By Euan Ritchie (Deakin University), Bek Christensen (Queensland University of Technology), Bill Bateman (Curtin University), Dale Nimmo (Charles Sturt University), Don Driscoll (Deakin University), Grant Wardell-Johnson (Curtin University) Noel D Preece (James Cook University) and Sarah Luxton (Curtin University).
This article was originally published on The Conversation. Read the original article, including reader comments.
Australia arguably has the worst conservation record of any wealthy and politically stable nation. Since European arrival roughly 230 years ago, 50 animal and 60 plant species have gone extinct, including the loss of some 30 native mammals – roughly 35% of global mammal extinctions since 1500.
These are not just tragedies of the distant past – the Christmas Island pipistrelle, the forest skink and the Bramble Cay melomys have all died out within the past two decades.
More than 1,800 plant, animal and ecological communities are listed as being at risk of extinction, ranging from individual species such as the orange-bellied parrot and Gilbert’s potoroo, all the way up to entire ecosystems such as the Great Barrier Reef. This number rises every year, in the face of threats such as climate change, rampant land clearing, mining and invasive species.
This bleak situation has been recognised by successive governments, but never successfully tackled.
In the midst of such a tremendous environmental challenge, the federal government has released a draft document, Australia’s strategy for nature 2018–2030, for public comment. This is a welcome step, but regrettably the strategy falls a long way short of what’s required and contains significant flaws. It contains no firm commitments or measurable targets, and overlooks a substantial amount of relevant scientific evidence.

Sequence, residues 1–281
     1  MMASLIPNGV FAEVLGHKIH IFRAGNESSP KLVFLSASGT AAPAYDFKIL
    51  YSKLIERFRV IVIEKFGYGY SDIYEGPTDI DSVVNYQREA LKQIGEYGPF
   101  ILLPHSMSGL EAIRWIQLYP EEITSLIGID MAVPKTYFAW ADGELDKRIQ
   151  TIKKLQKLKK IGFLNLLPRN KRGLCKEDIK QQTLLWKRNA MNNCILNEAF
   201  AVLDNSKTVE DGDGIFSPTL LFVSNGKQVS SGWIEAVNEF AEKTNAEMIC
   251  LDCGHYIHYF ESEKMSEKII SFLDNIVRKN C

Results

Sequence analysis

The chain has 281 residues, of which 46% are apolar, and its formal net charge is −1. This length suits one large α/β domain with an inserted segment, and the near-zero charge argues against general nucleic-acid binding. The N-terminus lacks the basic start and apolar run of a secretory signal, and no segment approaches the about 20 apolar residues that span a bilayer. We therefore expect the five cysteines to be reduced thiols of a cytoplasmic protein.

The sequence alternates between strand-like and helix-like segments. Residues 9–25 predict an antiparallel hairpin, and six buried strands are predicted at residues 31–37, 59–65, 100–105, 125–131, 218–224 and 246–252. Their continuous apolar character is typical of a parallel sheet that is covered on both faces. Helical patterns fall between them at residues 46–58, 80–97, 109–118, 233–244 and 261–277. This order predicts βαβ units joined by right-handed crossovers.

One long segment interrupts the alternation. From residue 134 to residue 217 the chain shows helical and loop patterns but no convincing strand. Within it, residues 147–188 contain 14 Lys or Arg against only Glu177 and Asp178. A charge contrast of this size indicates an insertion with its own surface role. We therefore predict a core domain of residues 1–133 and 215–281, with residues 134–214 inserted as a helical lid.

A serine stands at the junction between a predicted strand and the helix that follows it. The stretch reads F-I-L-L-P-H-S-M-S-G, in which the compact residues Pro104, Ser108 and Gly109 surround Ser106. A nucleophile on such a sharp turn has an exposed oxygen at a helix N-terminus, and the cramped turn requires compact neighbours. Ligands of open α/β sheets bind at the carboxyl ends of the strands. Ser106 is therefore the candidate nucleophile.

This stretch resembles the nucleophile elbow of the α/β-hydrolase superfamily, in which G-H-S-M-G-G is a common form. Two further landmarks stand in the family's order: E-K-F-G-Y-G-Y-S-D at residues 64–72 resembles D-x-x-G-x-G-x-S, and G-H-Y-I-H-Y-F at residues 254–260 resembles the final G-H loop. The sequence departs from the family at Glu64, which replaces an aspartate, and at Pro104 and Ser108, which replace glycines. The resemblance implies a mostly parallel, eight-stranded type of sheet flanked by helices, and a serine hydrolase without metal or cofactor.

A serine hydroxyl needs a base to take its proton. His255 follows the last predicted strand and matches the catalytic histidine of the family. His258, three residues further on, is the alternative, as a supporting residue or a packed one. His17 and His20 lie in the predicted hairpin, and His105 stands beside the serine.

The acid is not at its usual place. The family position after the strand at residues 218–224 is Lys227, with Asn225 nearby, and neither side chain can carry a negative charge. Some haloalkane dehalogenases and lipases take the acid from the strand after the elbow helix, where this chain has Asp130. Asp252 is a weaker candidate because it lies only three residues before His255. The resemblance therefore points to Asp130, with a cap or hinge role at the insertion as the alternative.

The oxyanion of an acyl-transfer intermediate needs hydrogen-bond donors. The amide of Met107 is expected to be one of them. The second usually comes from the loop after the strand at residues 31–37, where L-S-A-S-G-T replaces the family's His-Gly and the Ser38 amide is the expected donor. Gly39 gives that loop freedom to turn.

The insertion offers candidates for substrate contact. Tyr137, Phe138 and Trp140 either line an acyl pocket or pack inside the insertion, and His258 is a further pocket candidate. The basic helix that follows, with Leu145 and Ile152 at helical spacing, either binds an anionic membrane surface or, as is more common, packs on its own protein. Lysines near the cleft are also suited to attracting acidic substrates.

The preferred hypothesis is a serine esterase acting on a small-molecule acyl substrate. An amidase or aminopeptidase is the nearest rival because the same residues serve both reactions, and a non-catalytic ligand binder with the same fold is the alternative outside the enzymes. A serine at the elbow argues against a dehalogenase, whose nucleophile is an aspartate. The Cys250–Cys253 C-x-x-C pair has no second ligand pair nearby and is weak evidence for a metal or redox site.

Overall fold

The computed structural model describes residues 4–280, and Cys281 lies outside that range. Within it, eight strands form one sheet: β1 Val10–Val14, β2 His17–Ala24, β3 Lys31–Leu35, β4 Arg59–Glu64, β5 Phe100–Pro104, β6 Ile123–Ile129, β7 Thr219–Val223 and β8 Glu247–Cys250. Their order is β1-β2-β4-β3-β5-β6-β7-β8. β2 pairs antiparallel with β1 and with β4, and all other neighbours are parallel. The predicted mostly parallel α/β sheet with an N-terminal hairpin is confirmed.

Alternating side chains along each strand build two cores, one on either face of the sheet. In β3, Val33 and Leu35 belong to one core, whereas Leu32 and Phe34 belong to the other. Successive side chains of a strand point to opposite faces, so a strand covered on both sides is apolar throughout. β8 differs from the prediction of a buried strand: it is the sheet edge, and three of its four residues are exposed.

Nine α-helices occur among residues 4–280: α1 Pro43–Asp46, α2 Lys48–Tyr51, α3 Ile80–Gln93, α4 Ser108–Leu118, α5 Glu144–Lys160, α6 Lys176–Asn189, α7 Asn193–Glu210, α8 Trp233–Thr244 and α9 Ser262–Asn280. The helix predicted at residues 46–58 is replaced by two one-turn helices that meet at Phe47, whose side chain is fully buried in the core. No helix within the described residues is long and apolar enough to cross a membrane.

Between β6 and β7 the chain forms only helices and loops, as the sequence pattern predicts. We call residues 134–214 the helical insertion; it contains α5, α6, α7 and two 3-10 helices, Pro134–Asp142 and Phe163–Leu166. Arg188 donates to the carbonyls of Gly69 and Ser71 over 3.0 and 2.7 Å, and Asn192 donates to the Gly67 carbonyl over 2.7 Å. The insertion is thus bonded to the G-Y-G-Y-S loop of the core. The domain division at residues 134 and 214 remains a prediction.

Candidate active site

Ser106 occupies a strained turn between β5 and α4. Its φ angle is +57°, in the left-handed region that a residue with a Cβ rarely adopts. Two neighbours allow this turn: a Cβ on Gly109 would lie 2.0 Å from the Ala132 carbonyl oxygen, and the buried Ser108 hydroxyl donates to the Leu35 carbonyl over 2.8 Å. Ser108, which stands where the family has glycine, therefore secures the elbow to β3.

As representatives of Australia’s peak professional ecological body, the Ecological Society of Australia (ESA), we are deeply concerned that the strategy is not fit for its purpose of protecting Australia’s biodiversity.
A bolder, science-based vision
As part of ESA’s formal submission to the public consultation, we provide an alternative, evidence-based vision. This includes nine key recommendations for nature conservation in Australia.
1. Set measurable targets. Any project needs a set of quantifiable targets, otherwise we won’t know whether it has been successful or not. Some suggestions:
- establish a comprehensive national network of ecosystem monitoring sites by 2025
- reverse the declines of all species that are threatened by human-caused factors by 2025.
2. Commit to preventing human-caused species extinctions. The strategy should state explicitly that human-driven species extinctions are not acceptable, and establish and maintain clear paths of accountability.
3. Adequately fund the strategy’s implementation. Australia should show international leadership in conservation by investing at the upper end of OECD and G20 averages. At present Australia allocates less than 0.8% of GDP to conservation. We suggest 2% as an urgent minimum investment, with scope to expand funding to ensure that targets can be met.